Once upon a time, Dalst Wine Cellars was a client of ours. If you like a writer, it would seem that that person would make a great PR person for you, right? I thought I was up to the challenge, but I quickly found that I wasn’t. I know how to talk about wine and my database is filled with wine writers, with whom I have relationships. Those wine writers, however, want to write about wine, not anything that I call a peripheral… Wine cellars, wine websites, wine concierges, the list goes on, as I’ve tried most of it, but without the results that I, or our clients, want. So, I’ve always had to pull the plug. I’d rather turn someone down than to let someone down, and when I see that it’s futile, I have to stop taking someone’s money in the hope that some wine writer somewhere will get as jazzed as I was with the initial concept of working with some really great people.
That’s how it was with the Dalst Wine Cellar guys. It wasn’t easy to give up on two really great guys, but I just had to. Meanwhile, I just went back to check and they’re still in business. I’m so pleased.
The Dalst alcoves are made with stone powder from the Comblanchien Quarries (Cote de Nuits in Burgundy, France). The cast limestone is formed into an alcove shape, which acts as a perfect insulator for the wine bottles that are stored inside. The thermal mass of the stone absorbs the ambient temperature of the room and re-radiates it back into the bottles. The bottles are entombed in the cold chamber that’s created by the alcove. This means that the bottles are perfectly cooled and safe from temperature fluctuations, which could result from power outages in a traditional wine storage unit. Because of these inherent properties, Dalst alcoves are able to keep the temperature of the room constant, and are able to do so with less of an impact on the local power grid.
The following are images of Dalst Wine Cellars‘ installations, which are beautiful finished products.
From Dalst: Theodore Finkle is on the left with Dionysi Grevenitis on the right.
Hedges Cellars of Washington State opened a tasting room in downtown Seattle. The next two images show their wall racking system, and also shows what an installed walk-in unit looks like. These images made me want a Dalst system in my home, sooner rather than later.
Project manager Perry Ulander of Schuchart Corporation said the following about his experiences working with Dionysi on the Hedges installations, “I had a great crew to work with on the Hedges project, Dionysi included. Not everyone cares about delivering quality products in a professional manner these days. Fewer still value open, direct and honest communication. And then there’s the extremely rare people who can do their job with style and grace with a bit of warmth and compassion thrown in for good measure. Dionysi’s genuine, pro-active concern for delivering quality product in excellent condition in time to meet schedule was greatly appreciated. We had a couple of minor delays in the construction schedule, but when it came time to install, Dalst was there.”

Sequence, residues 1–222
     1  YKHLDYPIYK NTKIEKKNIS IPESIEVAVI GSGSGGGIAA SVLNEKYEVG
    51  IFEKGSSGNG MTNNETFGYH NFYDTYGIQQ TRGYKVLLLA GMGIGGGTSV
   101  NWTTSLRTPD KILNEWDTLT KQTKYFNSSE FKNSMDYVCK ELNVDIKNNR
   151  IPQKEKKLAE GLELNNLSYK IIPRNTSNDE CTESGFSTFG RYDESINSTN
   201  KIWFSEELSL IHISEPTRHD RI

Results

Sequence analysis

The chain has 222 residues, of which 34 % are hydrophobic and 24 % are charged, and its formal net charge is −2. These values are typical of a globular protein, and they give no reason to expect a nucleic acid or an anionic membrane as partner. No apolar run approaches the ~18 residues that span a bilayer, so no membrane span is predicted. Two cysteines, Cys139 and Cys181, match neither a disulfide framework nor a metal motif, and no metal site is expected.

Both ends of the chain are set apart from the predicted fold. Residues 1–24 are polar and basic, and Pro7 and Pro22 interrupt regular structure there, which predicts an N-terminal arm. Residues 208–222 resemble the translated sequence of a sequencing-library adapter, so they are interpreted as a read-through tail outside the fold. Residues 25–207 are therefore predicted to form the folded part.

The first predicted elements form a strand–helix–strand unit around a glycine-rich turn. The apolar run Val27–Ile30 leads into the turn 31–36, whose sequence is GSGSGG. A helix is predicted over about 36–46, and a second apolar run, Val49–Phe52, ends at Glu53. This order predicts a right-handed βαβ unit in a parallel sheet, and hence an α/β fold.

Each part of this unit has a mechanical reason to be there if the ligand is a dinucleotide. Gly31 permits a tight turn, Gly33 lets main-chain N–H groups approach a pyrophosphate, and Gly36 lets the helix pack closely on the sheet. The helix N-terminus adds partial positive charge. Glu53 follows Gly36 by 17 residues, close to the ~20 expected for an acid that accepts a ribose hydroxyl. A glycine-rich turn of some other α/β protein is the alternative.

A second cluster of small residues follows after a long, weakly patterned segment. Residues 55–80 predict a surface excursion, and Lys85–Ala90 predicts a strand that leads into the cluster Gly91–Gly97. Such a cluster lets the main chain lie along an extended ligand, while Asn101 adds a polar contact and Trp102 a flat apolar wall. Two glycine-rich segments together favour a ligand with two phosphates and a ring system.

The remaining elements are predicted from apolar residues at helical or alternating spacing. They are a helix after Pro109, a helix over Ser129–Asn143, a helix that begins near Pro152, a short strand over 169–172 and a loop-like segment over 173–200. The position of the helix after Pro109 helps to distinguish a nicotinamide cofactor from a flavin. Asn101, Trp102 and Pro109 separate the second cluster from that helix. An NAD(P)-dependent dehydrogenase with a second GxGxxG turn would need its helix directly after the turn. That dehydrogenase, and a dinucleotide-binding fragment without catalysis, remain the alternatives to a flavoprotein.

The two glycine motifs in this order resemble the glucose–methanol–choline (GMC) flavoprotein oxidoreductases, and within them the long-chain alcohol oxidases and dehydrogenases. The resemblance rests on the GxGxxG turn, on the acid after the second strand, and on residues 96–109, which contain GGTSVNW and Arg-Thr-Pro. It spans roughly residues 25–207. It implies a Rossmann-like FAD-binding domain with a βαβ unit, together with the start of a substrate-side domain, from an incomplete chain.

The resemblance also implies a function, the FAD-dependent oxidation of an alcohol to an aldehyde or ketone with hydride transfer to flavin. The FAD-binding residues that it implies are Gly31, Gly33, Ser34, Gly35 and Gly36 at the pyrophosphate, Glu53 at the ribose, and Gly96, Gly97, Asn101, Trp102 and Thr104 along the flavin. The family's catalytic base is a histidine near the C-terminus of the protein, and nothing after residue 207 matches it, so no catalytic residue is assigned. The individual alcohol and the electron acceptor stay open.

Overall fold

The final image is what Ted refers to as a small to medium sized installation. The aesthetics are gorgeous, and I’m thinking that the lighting is only there to impress friends when they arrive. I remember a similar wine cellar in Sarasota, Florida. John Ash and I were the wine representatives at a winemaker dinner. The home sat on the Gulf Coast with a pure white sand beach in front of the home, and I positioned myself at the edge of the infinity pool, the first I had ever seen at the time – years ago. The home had an amazing wine cellar with all the bells and whistles, but was dark and delicious when all the lights were out. Here’s to wine cellars everywhere. Isn’t it great to know that you now have an environmentally friendly option?
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